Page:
Sit-to-stand (STS) is a functional dynamic task, that requires movement of the lumbar spine, however, not much is known about whether regional differences or between-gender differences exist during this task. The intention of the study was to confirm whether kinematic differences existed within regions of the lumbar spine during STS and also to determine whether between-gender differences could be detected. An electromagnetic measurement device was used to determine how different lumbar spine regions (combined, lower and upper) moved during STS in 29 healthy participants (16 males, 13 females). Discrete outputs including mean range of motion (ROM), maximum and minimum were calculated for each lumbar spine region. Analyses of covariance (ANCOVA) with repeated measures were used to determine whether regional differences and between-gender differences were evident in the lumbar spine during STS. With the lumbar spine modelled as two segments, the lower lumbar (LLx) and upper lumbar (ULx) regions made different contributions to STS. No between-gender differences were found with the lumbar spine modelled as a single region (combined lumbar: CLx), however, modelled as two regions there was a significant gender difference between the LLx and ULx regions.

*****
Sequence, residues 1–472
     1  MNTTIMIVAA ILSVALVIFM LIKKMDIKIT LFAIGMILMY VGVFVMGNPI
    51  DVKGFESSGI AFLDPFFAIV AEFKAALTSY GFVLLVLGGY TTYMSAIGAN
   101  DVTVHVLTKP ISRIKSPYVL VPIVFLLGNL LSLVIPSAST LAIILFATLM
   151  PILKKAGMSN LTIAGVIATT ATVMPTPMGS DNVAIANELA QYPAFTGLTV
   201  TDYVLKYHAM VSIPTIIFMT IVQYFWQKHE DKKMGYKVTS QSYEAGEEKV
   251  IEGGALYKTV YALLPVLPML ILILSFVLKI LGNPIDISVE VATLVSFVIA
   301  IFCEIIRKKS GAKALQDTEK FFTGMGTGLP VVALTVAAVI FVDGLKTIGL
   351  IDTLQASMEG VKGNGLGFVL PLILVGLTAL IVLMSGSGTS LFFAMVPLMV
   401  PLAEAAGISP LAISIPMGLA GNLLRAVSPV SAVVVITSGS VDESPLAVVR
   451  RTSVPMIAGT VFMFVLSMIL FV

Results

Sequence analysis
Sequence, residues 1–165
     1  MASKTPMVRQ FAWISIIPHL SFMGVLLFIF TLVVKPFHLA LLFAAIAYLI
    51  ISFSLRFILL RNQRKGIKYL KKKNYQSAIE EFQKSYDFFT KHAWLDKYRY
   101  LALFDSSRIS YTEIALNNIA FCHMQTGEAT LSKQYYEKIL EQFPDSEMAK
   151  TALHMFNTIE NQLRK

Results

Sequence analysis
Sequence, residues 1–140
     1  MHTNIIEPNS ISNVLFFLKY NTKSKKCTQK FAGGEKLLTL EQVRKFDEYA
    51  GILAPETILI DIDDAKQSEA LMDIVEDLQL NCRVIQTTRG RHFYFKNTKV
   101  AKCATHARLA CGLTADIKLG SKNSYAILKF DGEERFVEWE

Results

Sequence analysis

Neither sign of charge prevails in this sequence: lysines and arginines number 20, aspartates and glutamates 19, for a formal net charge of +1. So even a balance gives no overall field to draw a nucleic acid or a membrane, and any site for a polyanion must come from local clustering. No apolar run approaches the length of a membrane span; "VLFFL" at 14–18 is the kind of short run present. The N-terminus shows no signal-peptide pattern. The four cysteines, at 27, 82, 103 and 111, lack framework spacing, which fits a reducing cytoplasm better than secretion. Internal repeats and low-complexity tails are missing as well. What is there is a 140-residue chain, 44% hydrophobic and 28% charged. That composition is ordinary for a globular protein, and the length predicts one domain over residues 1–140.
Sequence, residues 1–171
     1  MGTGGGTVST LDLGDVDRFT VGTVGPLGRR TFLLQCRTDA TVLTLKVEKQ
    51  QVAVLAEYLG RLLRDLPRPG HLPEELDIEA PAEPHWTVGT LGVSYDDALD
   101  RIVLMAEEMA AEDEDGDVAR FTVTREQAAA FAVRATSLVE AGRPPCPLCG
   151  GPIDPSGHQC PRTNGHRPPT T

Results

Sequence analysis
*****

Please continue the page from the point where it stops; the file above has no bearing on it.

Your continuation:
The results suggest that modelling the lumbar spine as a single segment during STS fails to sufficiently portray lumbar spine kinematics and there are important gender differences. These findings should also be considered when investigating STS in clinical populations.